The Jamestown Public Schools' Board of Education has decided that it is time to address the decreasing number of functional buses in its fleet.
On Tuesday, the board approved a resolution to lease-purchase buses and vans at a maximum estimated cost of $795,000 payable over a period of five years. This would allow for the purchase of six full-size school buses and two vans.
According to the resolution, because of the loss of the availability of several school buses, it is necessary to acquire replacements. After an evaluation of financing alternatives, and taking into account these alternatives, it was determined that a lease-purchase agreement was in the best interest of the district.
According to Joe DiMaio, board president, the nature of the resolution allows for the estimated cost to remain outside of the 2013-14 budget and, therefore, eligible for state aid.
"The optimum situation would be to put it in your budget, and then you could incorporate part of it," said DiMaio. "But when we're getting less money now than in 2008, this is the next best situation. We'll let the voters decide, and then we'll space it out. And we do get aid, so we're not footing the full bill. The cost sounds expensive, but we will be state-aided on that, although it's not 100 percent. It's a way for us to keep our fleet from aging and then, all of a sudden, (putting us) in a big time bind."
Deke Kathman, JPS superintendent, said that this payment method will be more cost efficient than previous routines.
"In 2012, we budgeted (approximately) $170,000 for the purchase of vehicles, and with that money we purchased one full-size school bus and a couple of vans," said Kathman. "We get so far behind if that's the routine. If we only replace one large bus a year, in short order, we're sucking wind and we do not have an adequate fleet to move the kids. It's the rust and the chassis and the frames - that's the problem. And it gets to a point where you can't repair."
Also approved by the board was a resolution to sell and dispose of excess vehicles in poor condition due to age, mileage or mechanical conditions.
In other business, the board chose to hold off on its 2013-14 budget presentation until the district receives its final state aid package at the resolution of the state's executive budget. Kathman reported a $1.96 million gap elimination adjustment, consistent with his presentation at the previous board meeting, but did express some optimism.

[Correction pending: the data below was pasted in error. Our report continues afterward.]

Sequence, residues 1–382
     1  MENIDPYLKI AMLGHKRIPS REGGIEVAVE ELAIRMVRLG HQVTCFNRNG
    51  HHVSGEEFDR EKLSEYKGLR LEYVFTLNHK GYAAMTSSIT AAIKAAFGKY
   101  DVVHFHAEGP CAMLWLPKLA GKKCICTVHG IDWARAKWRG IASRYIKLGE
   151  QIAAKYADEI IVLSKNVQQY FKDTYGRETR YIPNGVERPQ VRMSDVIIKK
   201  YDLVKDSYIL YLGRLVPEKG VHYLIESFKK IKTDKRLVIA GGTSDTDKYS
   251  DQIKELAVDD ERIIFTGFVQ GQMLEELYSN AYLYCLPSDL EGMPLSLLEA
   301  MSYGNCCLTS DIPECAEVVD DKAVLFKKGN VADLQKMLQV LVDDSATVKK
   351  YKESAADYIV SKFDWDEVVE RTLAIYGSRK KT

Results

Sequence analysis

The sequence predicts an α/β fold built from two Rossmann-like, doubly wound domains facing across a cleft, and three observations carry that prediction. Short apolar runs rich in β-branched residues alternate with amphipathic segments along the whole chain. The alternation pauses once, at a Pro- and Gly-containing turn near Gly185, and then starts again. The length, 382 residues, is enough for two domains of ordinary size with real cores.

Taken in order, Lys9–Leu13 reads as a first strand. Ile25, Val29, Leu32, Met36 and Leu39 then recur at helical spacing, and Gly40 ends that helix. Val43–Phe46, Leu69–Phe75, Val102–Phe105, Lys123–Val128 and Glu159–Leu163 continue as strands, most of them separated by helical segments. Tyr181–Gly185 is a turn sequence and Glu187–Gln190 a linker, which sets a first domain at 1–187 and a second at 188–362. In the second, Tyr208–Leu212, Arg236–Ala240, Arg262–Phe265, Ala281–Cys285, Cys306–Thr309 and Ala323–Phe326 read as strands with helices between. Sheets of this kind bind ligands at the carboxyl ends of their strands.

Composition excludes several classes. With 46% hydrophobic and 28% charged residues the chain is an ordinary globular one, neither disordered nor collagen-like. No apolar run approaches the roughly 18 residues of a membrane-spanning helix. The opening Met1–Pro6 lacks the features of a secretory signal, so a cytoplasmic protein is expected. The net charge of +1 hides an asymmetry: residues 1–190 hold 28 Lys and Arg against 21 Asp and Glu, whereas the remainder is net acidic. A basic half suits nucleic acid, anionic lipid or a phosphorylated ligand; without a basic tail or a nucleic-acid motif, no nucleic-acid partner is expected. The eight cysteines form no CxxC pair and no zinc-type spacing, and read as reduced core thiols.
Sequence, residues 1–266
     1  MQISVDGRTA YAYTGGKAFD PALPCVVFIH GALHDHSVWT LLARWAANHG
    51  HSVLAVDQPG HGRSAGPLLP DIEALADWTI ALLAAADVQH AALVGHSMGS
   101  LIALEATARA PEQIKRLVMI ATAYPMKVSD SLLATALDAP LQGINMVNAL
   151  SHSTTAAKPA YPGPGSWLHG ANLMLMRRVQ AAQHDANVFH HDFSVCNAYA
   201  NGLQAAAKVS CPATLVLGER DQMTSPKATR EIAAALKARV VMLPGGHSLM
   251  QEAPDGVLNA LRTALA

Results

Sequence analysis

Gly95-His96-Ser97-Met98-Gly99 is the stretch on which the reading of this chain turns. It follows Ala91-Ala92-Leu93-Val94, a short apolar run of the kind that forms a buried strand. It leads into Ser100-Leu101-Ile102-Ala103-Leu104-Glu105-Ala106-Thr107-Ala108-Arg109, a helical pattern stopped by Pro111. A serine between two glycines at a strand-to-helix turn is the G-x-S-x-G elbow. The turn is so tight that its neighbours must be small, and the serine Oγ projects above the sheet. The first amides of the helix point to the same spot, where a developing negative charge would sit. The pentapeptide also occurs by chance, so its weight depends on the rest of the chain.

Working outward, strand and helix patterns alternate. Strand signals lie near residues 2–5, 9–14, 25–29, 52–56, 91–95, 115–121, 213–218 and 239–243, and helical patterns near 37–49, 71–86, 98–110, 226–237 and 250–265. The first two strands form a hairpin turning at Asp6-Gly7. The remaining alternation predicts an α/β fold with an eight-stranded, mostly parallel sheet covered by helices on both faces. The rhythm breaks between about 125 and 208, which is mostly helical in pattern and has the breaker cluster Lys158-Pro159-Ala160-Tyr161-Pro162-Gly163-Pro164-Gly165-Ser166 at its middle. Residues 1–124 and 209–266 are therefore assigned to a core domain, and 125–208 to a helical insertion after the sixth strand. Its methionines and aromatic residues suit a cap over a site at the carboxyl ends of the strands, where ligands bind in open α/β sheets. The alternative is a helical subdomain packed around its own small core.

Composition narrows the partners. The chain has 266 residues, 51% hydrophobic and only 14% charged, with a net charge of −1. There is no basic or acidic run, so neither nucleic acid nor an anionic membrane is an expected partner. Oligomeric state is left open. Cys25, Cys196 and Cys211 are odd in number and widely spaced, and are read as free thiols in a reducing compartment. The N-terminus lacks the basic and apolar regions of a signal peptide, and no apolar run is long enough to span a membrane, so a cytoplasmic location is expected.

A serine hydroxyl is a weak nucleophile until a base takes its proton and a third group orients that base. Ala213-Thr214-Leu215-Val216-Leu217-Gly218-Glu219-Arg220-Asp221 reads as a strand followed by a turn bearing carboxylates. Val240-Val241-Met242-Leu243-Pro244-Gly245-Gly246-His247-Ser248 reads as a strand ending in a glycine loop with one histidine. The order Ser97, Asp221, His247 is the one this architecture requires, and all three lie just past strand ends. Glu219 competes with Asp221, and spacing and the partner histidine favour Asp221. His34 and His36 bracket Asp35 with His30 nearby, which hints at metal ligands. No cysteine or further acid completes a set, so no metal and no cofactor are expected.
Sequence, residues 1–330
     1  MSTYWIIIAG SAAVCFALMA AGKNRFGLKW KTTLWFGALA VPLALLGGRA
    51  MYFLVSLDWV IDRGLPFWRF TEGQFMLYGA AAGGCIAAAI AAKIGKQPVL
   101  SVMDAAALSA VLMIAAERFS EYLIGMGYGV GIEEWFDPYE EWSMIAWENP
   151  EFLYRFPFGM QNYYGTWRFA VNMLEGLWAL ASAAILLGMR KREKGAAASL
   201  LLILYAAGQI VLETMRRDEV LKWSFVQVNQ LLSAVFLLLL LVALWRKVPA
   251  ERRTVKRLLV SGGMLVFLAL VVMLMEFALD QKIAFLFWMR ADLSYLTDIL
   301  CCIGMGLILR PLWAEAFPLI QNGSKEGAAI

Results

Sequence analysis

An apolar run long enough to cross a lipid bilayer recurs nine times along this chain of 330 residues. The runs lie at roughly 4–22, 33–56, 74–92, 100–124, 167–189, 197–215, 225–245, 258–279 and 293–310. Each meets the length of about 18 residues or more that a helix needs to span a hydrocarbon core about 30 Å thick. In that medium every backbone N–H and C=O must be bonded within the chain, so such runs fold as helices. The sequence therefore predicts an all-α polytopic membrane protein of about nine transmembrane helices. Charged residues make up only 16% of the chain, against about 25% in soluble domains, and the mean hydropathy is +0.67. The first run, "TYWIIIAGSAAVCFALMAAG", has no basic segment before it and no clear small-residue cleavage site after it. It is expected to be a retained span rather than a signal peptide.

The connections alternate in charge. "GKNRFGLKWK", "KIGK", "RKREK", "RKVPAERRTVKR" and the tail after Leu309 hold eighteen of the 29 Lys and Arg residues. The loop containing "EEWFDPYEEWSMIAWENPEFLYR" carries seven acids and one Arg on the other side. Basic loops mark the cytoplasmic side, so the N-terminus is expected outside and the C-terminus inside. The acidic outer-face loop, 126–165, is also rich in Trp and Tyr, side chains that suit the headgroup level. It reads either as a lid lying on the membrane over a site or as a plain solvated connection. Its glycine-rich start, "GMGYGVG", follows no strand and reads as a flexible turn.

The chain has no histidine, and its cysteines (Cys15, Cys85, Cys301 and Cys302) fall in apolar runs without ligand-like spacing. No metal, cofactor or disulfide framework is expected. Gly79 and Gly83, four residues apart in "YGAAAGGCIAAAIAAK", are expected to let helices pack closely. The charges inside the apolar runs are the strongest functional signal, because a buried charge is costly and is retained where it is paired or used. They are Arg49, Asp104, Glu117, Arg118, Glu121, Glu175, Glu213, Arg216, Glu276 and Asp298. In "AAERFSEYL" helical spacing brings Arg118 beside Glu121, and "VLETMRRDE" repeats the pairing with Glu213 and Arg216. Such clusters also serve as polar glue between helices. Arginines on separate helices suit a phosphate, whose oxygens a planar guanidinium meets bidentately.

"I am encouraged by a couple of developments between the last time and now," he said. "One is that the Senate has proposed in their House budget bill that $299 million new dollars be added to what the governor proposed for school aid. And the Assembly has proposed $308 million additional dollars. There's very little distance between those two numbers, and that's, from a distance, an encouraging development."
The expectation of the board is that it will be able to present its final state aid numbers at its next meeting on April 9. Any necessary revisions would then be made between then and the following meeting on April 23, on which the board would need to adopt its 2013-14 budget.
Also discussed was a scheduling conflict for Jamestown High School's 2014 commencement ceremony. The ceremony, which has traditionally been held at Chautauqua Institution's amphitheater, is currently scheduled for June 26 - which occurs during the first week of the 2014 Chautauqua season. At the preference of the board, it was proposed that JHS' commencement be moved up a week to the date of June 20 rather than be held at another venue.
Due to state exams being given up to that date - and even some Regents competency tests the following week - Mike McElrath, JHS principal, spoke to the possibility of students walking the stage but being ineligible to receive their diplomas.
"There still could be a student that needs to pass those (RCT exams) the following week for graduation," he said. "So, the caveat would be that it is possible that there would be some students that would walk the stage that haven't met all the requirements yet. I would hope that wouldn't be the case. We'd do all that we could on our end to make sure that we've corrected every test, and make sure that we've gone through the works with our students - but it is possible."